The Last Confession
[img src=http://www.gregross.com.au/wp-content/flagallery/the-last-confession/thumbs/thumbs_3-20140809_170300.jpg]10Thank you Mr Suchet.
Although not a Catholic, I feel, given the subject matter of the play, I should confess; I went to see THE LAST CONFESSION, as a fan of David Suchet, with only a cursory knowledge of the background story. And yes, as the lights flooded on to the red-robed Suchet in the opening scene, I too stood and applauded. Then, as that familiar, dulcet-toned voice flowed across the auditorium, for a moment I wondered whether both the actor and the audience would be able to overcome Poirot. Within a minute the effete Belgium had vanished, as the Cardinals and power reigned supreme.
The play is set during a tumultuous period in the Catholic Church history (1978) – Pope Paul V1 is in his dying days, Mafia connections have assumed control of the Vatican Bank and the Church is in crisis, Cardinal Giovanni Bennelli (Suchet), although a King Maker, has a moral compass of sorts, while at the same time, battling a crisis of faith. Determined to fix the problems with the out of control Vatican and specifically, the behind the scenes administration, known as the Curia, after the death of Pope Paul V1, (Donald Douglas), he manoeuvres his friend, Cardinal Albino Luciani of Venice (Richard O’Callaghan) into the Papacy as a compromise candidate. Luciani assumes the name Pope John Paul 1, but the little man is far more determined, liberal and morally straight than his peers had suspected. In a strange way, I suddenly thought of Malcolm Turnbull and the Liberal Party. Thirty three days into his reign, he informed two of the most powerful cardinals he was removing them. The next morning, Pope John Paul 1 was dead.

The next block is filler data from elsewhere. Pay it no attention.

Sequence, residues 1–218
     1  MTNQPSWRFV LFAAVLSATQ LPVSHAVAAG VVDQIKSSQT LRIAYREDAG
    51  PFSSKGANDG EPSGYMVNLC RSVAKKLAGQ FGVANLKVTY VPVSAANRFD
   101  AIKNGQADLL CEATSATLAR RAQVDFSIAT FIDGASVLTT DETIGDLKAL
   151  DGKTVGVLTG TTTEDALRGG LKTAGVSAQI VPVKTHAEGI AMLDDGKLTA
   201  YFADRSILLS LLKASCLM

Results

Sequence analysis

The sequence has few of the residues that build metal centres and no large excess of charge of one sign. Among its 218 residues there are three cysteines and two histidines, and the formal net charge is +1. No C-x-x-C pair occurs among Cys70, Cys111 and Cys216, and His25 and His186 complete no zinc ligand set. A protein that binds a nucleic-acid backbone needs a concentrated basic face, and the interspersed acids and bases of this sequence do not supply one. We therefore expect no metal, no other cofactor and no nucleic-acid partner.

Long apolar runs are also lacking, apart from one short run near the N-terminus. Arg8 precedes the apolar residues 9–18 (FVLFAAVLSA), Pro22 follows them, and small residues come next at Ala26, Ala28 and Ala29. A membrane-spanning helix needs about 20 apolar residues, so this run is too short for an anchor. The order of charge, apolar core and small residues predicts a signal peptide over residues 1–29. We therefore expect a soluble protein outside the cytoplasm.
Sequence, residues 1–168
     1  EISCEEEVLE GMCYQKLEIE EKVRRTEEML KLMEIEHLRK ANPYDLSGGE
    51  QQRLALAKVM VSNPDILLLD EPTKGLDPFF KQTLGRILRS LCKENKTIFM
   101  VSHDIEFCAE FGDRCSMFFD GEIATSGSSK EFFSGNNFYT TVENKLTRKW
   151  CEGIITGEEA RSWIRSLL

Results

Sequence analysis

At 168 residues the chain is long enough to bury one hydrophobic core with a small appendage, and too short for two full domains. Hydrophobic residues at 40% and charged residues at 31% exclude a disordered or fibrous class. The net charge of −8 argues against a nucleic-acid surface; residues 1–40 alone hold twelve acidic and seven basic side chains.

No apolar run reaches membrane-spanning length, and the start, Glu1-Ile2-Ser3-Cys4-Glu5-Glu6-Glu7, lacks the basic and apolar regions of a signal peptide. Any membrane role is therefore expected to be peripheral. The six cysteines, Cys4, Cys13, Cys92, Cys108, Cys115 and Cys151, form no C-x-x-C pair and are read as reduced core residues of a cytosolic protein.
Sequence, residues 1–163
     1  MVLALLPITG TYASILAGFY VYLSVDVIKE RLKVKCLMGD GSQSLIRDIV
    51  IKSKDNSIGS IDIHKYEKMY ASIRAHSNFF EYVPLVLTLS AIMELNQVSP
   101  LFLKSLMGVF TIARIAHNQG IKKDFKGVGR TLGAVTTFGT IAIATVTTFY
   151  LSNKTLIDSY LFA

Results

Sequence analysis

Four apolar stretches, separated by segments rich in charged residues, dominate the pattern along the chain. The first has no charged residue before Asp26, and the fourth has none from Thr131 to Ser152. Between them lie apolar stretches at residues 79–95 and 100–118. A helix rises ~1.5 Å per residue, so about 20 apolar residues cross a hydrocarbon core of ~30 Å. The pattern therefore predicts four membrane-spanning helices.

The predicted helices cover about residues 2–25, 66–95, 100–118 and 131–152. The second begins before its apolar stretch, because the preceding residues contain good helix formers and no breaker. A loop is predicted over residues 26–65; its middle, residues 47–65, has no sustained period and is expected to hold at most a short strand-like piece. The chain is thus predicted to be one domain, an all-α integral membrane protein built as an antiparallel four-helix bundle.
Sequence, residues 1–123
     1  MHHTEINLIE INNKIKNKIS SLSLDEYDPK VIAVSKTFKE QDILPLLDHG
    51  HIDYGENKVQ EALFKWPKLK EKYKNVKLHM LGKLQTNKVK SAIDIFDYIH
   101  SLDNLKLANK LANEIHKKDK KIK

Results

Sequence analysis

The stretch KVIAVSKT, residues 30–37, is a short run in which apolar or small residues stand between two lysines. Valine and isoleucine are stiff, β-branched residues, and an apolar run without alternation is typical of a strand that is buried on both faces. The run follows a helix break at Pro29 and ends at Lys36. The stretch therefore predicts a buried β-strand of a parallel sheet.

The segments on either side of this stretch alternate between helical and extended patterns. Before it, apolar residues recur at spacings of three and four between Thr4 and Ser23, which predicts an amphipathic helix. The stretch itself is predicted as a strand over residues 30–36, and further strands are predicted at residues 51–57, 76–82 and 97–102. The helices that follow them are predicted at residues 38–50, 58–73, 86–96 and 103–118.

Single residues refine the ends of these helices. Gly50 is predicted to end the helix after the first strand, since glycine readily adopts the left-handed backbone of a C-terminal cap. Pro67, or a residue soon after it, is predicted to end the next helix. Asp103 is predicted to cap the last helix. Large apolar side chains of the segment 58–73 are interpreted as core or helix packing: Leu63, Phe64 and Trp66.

Evidence was tampered with on a scale that still beggars belief, no autopsy was permitted and the Vatican press releases of the time, giving his cause of death as a heart attack were found lacking in substance, to say the least! Cardinal Benelli, as always, positions himself centre stage in the battle to elect a replacement Pope, eventually finding himself just five votes short of becoming Pope.
I found this work to be absolutely enthralling, forget the red robed cardinals and the white robed Popes, this is a story of the naked grab for and the need of power. It could just as well have been about politicians – Rudd and Gillard, Turnbull and Abbott, but perhaps most tellingly, it is the searing story of those faceless men who manoeuvre and manupulate in the shadows of power
The stage design is dark and brooding, suggesting great power, ancient beauty, but also malevolence. Outfitting stage hands in monks robes is a very clever, efficient method of moving sets with actors necessarily still on stage. Admittedly the mood of the work does make it easier to light the actors, but the reality is, the simple spotlighting of each actor as they emerge from the shadows works brilliantly.
The play is wordy, intense, almost claustrophobic and at times, I found myself on the edge of my seat, absolutely riveted. Yet there was also unexpected humour, much of it black, but clever and the technique of giving stage time to one woman, Sister Vincenza, played by Suchet’s wife of 37 years, Sheila Ferris, adds light and a sense of almost normal life. There is a lovely domestic scene between her and Pope John Paul 1. This first work by American playwright Roger Crane, under the direction of Jonathon Church, is simply brilliant, as is David Suchet, which is not to dismiss the superb work of the other actors.
It is a large ensemble of 20 actors, but rather than name them all, it is testimony to the power of the story and the actors that Poirot was nowhere to be seen. It is a fabulous cast. Even if you are a David Suchet, if your supporting actors aren’t up there with you, you will not fly. This cast soars.
Finally, as the realisation hit me as to who the Confessor was, I found myself understanding the words of an Italian prosecutor, reprinted in the programme: “… hopefully Pope Francis will be given enough time to make his changes …”
Real life – if you wrote about it, nobody would believe it, they’d swear you made it up.
The Perth season (His Majesty’s Theatre) finishes on Sat 16th August
Brisbane, the Lyric Theatre, Aug 20 -24th
Adelaide, Her Majesty’s Theatre, Aug 27 – 31st
Melbourne, Comedy Theatre, Sep 3 – 5th
Tickets from Ticketek and Ticketmaster